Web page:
How to Live on Twenty-Four Hours a Day

How to Live on Twenty-Four Hours a Day

by Arnold Bennett

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Overview

Since the invention of the clock, humans have become keenly aware of time-both how much they have and how quickly it slips away. In this classic book on time management, Bennett instructs his readers on how to live life to the fullest, given that there are twenty-four hours in a day and always so much to accomplish.

Managing time, not money, is the true route to happiness. You can get more money. But time is parceled out at the same rate for everyone, no matter their class or income. Time, the rarest commodity, cannot be made to last, but it can be lived. And by living it properly, anyone can improve their level of satisfaction and happiness.


British writer ARNOLD BENNETT (1867-1931) wrote both fiction and nonfiction, but he is best known for the novels Anna of the Five Towns (1902), Buried Alive (1908), and Clayhanger (1910).

Product Details

ISBN-13: 9783734085185
Publisher: Outlook Verlag
Publication date: 09/27/2019
Pages: 42
Product dimensions: 5.83(w) x 8.27(h) x 0.10(d)

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How To Live On Twenty Four Hours A Day 2 out of 5 based on 0 ratings. 1 reviews.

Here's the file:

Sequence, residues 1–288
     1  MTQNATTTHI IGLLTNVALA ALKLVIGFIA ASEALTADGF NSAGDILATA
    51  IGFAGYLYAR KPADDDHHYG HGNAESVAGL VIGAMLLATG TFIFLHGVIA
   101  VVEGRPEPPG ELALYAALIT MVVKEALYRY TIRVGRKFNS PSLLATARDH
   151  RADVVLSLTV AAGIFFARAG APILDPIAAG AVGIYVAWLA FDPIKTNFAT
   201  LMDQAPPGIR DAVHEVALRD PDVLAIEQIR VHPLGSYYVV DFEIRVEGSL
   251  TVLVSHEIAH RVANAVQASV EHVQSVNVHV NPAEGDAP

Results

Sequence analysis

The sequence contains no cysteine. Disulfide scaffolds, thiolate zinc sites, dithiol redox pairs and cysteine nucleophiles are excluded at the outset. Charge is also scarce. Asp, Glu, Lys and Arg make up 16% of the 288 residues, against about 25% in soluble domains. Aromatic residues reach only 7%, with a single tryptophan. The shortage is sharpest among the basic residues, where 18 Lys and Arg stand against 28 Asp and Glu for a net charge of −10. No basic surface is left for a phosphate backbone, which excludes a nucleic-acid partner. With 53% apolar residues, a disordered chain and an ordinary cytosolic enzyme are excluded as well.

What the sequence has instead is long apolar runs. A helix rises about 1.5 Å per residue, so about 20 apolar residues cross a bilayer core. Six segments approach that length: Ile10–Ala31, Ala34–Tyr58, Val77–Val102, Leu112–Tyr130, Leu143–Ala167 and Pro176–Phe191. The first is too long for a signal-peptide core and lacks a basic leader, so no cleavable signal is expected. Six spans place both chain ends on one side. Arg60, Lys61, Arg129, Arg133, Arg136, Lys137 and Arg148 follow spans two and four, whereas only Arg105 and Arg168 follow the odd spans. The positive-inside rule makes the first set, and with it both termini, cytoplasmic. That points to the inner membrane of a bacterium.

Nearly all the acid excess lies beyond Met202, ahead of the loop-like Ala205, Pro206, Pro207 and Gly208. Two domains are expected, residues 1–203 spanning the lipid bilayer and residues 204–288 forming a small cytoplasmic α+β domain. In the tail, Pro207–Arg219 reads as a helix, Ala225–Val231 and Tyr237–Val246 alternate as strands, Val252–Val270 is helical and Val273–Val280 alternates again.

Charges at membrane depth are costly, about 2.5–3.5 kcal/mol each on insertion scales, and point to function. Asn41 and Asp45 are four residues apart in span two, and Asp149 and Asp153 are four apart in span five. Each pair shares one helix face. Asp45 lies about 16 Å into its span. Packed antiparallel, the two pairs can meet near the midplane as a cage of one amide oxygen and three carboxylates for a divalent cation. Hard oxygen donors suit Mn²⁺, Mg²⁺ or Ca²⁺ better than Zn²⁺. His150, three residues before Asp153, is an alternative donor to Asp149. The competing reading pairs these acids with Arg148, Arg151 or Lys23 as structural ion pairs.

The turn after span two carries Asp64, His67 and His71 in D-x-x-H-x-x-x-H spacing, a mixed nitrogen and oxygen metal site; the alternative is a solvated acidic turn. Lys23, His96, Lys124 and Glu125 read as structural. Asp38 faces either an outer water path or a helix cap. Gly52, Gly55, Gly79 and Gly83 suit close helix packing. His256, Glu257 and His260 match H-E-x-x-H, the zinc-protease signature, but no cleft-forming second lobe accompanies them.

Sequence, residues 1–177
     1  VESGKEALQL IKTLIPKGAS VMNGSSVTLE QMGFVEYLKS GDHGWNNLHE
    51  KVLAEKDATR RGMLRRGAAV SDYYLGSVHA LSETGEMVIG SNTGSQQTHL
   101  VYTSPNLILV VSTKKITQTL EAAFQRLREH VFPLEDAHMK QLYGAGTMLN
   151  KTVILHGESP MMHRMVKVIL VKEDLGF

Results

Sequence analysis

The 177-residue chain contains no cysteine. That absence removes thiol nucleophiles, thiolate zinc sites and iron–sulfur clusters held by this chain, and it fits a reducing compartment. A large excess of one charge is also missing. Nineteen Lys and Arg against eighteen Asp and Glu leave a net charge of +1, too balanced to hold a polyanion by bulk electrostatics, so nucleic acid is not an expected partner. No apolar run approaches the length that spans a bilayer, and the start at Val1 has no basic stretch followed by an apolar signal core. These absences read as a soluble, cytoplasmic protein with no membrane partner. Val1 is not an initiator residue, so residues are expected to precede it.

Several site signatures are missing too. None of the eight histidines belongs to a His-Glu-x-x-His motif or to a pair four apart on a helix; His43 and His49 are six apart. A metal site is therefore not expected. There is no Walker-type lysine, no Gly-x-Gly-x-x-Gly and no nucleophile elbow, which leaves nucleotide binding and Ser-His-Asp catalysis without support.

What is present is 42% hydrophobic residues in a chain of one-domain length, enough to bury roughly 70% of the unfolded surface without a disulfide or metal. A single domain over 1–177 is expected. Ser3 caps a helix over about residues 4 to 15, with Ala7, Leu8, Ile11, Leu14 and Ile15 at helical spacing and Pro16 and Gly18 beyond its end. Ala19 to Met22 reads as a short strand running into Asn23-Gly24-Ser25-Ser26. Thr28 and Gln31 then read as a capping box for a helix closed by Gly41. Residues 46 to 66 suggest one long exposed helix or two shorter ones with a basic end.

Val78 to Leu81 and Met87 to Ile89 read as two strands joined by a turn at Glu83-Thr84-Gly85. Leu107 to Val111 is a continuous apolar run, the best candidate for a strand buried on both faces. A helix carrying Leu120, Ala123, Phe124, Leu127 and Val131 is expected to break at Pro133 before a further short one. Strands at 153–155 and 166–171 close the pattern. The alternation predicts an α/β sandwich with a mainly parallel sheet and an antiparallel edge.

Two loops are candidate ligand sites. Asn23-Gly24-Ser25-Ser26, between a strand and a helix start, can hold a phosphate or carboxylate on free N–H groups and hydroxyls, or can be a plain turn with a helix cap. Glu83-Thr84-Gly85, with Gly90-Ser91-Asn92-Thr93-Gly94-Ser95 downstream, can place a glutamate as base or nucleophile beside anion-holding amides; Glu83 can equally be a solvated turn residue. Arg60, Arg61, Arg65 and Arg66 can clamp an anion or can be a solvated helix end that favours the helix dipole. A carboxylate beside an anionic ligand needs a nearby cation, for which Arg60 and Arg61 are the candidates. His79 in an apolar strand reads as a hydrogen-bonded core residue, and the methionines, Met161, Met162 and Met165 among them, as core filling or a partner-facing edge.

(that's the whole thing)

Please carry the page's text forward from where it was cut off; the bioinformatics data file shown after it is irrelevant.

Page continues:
birchdev on LibraryThing More than 1 year ago
How to Live on Twenty-Four Hours a Day is a short read by Arnold Bennett where he explains his thoughts on time management. A few takeaways from the books are as follows: Time is the inexplicable raw material of everything. With it, all is possible; without it, nothing. No one can take it from you. It is unstealable. And no one receives either more or less than you receive. Some people are constantly haunted by a suppressed dissatisfaction with their own arrangement of your daily life; and that the primal cause of that inconvenient dissatisfaction is the dealing that you are leaving undone something which you would like to do, and which, indeed, you are always hoping to do when you have "more time". The most important preliminary task is arranging one¿s life so that one may live fully and comfortably within one's daily budget of twenty-four hours. Beware of undertaking too much at the start. Be content with quite a little. Allow for accidents. Allow for human nature, especially your own. A man should not make two-thirds of his existence subservient to one-third, for which admittedly he has no absolutely excitement from. How can he hope to live fully and completely if he did? One may have spent one's time badly, but one did spend it; one did do something with it, however ill-advised that something may have been. To do something else means a change of habits.One of the chief things which man has to learn is that the mental faculties are capable of a continuous hard activity; they do not tire like and arm or a leg. All they want is change, not rest. Cultivate your mind while on the street and on the train. While idle, concentrate your mind on a subject. It does not matter what you concentrate on, so long as you concentrate. It is the mere disciplining of the thinking machine that counts. It is important to realize happiness does not spring from the procuring of physical or mental pleasure, but from the development of reason and the adjustment of conduct to principles. It is important to have your conduct and principles agree.